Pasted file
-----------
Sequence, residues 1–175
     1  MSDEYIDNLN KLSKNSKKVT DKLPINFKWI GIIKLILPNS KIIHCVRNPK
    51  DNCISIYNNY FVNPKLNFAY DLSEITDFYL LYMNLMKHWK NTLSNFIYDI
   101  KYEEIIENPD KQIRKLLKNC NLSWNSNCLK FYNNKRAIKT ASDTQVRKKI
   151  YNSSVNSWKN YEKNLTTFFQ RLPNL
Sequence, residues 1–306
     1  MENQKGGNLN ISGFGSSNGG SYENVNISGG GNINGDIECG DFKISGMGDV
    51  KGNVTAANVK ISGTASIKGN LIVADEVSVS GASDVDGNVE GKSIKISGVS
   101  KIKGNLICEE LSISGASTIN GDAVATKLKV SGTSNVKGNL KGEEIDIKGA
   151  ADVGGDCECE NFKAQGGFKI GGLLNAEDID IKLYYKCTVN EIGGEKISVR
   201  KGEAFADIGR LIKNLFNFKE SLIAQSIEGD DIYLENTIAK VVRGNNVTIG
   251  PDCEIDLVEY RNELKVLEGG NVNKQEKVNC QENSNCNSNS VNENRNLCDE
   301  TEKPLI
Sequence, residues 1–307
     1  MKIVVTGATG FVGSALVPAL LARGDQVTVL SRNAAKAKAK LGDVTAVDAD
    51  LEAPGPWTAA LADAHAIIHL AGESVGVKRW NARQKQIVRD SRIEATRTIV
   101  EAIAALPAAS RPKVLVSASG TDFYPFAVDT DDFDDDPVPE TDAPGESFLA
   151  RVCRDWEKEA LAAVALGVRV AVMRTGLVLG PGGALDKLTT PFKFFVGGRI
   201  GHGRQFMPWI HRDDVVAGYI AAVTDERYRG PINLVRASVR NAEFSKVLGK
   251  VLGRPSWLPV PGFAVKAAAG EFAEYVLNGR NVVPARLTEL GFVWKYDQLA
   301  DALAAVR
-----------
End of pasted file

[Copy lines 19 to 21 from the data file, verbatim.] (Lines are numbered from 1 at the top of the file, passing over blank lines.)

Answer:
   201  GHGRQFMPWI HRDDVVAGYI AAVTDERYRG PINLVRASVR NAEFSKVLGK
   251  VLGRPSWLPV PGFAVKAAAG EFAEYVLNGR NVVPARLTEL GFVWKYDQLA
   301  DALAAVR